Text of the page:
I’m about to finish the first draft of this story. My next post will be the ending. (for now) Any suggestions before the re-write? I’m not sure it’s even a viable story at this point. Anyway, here’s the next section.
* * *
“Post detail, secure the prisoner,” Gordon called. They bound Elias’ hands in front of him with the rope in the iron ring. He rested his head against the post, perhaps praying. Sergeants’ commands carried over the din of the brigade’s three battalions, maneuvering them into a three-sided square around the post and making a rust-red quagmire of the soggy field. Watkins moved behind the troops to stand with Gordon and the wagon men.
“Well, that’s it then,” Watkins said. God’s unfathomable will exasperated him. How can a man end up like this, brought up with all the advantages, only to meet his end with nothing he cared about to tie him to this world? Sure Elias was scared, but he seemed to have resigned himself to his fate like a rabbit does in the jaws of a fox. Am I any different? Am I fooling myself into carrying on each day? The horror of a moment when he, Watkins, might stop struggling covered him with prickly chill bumps.
The chaplain knelt, despite his age and fine uniform, on one knee in a patch of wet grass facing Elias and lifted a voice that might have belonged to a great stage actor. “Almighty God, our Heavenly Father who of his great mercy hath promised forgiveness—“
Watkins ceased to listen. He was a man of faith, though not a religious one, and this ceremony was for the officers, not for Elias. That’s it, Chaplain. Talk of forgiveness, then see a good man shot. The South is going to run out of good men at this rate.
“—and bring you to everlasting life through Jesus Christ our Lord. Amen.” The old man stood and led the brigade in a ghastly hymn. Their tuneless chanting sounded like a dirge from the underworld, interspersed with brutal encouragement from the flat of the sergeants’ swords.
The brigade sergeant-major appeared at the shooting post shouting something at the post detail men. The two privates leapt forward, untied Elias, and turned him around with his back to the post and his arms pinioned behind him so he couldn’t quite stand up straight.
The hymn faded and died, allowing Watkins to hear General Wright and his staff splashing up the road. The sergeant-major’s voice boomed over the field. “Brigade!”
The hubbub of so many in close quarter ceased. “Attention!”
A single great stomp of boots, shoes, and bare feet reverberated through the ground. The sun had reappeared, and sweat rolled down Watkins’ face into his beard, dripped from his nose. The downpour had been welcome, but they would spend the rest of the afternoon steaming.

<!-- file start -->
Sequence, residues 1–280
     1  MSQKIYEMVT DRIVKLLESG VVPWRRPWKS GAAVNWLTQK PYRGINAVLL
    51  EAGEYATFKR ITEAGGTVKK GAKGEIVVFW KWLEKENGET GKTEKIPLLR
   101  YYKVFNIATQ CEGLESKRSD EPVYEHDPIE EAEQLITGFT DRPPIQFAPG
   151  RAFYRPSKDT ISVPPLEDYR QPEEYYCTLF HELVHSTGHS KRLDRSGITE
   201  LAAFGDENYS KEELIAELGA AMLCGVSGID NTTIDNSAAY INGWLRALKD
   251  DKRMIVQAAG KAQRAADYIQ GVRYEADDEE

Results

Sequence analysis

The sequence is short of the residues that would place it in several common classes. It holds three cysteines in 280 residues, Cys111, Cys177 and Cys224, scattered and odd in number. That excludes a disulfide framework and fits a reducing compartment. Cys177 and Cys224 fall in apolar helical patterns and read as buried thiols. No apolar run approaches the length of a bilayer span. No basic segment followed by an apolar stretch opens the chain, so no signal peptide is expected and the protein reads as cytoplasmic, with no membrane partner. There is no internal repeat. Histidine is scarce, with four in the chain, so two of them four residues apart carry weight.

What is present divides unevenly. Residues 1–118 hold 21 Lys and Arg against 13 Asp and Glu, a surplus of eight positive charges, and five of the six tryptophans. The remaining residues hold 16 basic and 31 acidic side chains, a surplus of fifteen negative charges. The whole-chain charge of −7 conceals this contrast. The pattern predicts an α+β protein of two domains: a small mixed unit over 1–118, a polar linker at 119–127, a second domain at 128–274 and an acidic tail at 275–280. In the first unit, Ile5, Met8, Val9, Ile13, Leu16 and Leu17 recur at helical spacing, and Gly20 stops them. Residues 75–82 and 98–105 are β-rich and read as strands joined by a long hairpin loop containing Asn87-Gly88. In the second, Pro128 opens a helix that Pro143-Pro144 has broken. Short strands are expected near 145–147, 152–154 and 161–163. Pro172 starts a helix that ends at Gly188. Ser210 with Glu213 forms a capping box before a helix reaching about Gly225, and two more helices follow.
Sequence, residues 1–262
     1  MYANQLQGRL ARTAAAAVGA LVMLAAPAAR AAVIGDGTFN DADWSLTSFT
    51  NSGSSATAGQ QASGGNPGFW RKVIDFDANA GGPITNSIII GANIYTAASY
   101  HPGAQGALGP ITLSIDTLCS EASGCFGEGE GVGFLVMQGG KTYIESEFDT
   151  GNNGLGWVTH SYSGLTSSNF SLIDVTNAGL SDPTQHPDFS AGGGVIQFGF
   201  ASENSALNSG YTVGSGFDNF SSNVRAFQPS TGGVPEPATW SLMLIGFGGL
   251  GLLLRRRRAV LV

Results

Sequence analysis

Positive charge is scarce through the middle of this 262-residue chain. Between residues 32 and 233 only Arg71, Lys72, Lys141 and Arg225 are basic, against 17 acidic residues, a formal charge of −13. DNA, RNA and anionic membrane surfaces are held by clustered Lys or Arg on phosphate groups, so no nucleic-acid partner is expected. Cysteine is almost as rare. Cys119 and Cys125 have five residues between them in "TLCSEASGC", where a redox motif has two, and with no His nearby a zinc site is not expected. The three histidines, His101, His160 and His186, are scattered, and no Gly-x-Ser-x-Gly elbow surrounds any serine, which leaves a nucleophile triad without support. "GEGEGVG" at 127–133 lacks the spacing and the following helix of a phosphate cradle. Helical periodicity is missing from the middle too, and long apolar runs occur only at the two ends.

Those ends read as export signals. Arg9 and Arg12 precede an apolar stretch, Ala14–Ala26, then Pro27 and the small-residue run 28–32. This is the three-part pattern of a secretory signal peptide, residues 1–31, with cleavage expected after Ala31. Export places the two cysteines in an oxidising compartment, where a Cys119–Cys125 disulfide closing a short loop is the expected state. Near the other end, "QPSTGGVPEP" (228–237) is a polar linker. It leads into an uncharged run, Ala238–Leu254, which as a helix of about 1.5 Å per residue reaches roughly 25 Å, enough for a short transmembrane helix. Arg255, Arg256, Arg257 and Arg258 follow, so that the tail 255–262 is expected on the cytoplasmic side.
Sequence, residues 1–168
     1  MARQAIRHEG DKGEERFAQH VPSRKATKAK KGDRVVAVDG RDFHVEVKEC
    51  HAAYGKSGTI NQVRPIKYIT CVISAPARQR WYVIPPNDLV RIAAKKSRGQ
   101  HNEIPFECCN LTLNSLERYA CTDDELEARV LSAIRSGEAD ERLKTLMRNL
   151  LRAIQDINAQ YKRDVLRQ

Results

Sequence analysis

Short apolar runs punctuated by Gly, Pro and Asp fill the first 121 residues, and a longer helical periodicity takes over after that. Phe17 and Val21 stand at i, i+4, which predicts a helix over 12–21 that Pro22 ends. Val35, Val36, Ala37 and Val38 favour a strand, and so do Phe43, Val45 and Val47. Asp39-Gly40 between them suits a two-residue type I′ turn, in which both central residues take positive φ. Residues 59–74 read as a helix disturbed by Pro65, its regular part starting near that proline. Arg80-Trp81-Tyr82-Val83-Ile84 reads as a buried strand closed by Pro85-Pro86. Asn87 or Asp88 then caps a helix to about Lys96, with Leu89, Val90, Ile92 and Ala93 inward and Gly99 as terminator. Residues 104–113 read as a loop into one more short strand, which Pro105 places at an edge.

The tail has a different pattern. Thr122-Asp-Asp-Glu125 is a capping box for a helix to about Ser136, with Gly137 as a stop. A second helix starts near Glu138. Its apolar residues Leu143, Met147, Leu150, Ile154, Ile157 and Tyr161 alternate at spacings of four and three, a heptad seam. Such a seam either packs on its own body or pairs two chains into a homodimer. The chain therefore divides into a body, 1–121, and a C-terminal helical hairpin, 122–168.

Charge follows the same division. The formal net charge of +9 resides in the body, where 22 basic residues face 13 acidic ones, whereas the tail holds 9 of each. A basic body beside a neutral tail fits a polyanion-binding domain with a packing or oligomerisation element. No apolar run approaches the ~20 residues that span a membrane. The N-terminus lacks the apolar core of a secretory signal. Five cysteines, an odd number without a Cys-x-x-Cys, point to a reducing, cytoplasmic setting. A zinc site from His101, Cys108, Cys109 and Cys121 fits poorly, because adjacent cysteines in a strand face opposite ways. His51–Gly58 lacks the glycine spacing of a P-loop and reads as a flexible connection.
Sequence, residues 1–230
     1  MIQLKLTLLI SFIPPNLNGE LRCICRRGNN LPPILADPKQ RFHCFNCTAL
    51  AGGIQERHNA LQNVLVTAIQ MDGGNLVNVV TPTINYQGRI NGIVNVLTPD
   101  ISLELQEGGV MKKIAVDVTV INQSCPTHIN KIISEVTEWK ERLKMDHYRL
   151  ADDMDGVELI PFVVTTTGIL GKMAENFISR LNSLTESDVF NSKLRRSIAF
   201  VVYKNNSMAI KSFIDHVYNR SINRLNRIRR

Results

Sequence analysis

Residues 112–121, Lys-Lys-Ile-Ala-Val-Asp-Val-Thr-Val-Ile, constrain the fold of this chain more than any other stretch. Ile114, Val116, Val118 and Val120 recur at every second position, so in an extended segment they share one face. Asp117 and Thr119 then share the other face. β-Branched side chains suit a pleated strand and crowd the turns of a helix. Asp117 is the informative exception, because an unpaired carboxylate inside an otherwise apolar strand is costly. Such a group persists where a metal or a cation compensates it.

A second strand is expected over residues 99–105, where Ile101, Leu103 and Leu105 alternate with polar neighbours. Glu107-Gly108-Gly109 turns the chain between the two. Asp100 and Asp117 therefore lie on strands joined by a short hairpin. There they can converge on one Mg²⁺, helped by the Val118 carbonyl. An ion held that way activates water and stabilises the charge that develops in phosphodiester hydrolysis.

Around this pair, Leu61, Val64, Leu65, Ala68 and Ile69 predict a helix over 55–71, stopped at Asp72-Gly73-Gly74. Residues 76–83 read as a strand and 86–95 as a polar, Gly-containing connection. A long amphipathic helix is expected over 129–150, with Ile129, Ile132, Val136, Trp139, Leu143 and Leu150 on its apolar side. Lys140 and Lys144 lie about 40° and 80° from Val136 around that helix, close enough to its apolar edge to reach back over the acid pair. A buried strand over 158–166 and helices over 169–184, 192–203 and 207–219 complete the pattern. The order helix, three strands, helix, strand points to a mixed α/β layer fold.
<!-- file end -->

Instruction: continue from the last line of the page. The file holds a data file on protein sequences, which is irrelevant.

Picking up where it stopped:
General Wright dismounted and entered the center of what had become an amphitheater, with the post, the knoll, and the oak the center of focus. Alone, the general approached his nephew.
“Now is where the Old Man pardons the boy,” Gordon whispered, perhaps to himself. “See if I ain’t right.”
Elias stood hunched over, and his lean shoulders jutted from the unnatural angle of his pinioned arms. The chaplain saluted and went to collect his horse. General Wright stopped an arm’s length from Elias and removed his pale leather gauntlets. He spoke quietly and privately to the condemned man while the brigade sweltered at attention.
All the executions Watkins had seen had been treated as a spectacle, with men milling in a crowd and sitting in trees for a better view. It appeared to be the general’s will that his nephew die with more dignity. And die he surely would. There was no honorable way for General Wright to pardon his nephew. Had he been surprised to learn that Elias hadn’t run?
August sunlight drew wisps of evaporating moisture from a thousand stinking, rain soaked soldiers. The brigade created its own weather, a swirling cloud of humidity evaporating into the sky.
The General laced his right hand on Elias’ shoulder. Elias nodded once, lips drawn up tight. At this, the General turned on his heel and spoke.
“Men, it is the solemn duty of those burdened with the mantle of command to enforce discipline in the ranks. Private Elias Wright…, who I count among my own kin, has been convicted of desertion in the presence of the enemy and will be shot to death by musketry.” He paused to scan the formation. A murder of crows in the oak tree behind his back began heckling him. The General shouted over their raucous caws. “He assures me he has made peace with Our Lord and stands prepared to meet his maker. God forbid any should choose to abandon his country and duty, but let the sentence carried out here today serve as a warning to any who may harbor similar thoughts. Sergeant-major, proceed.”
Gordon muttered something—the Corporal talked to himself a lot lately—but the only words Watkins understood were his own kin.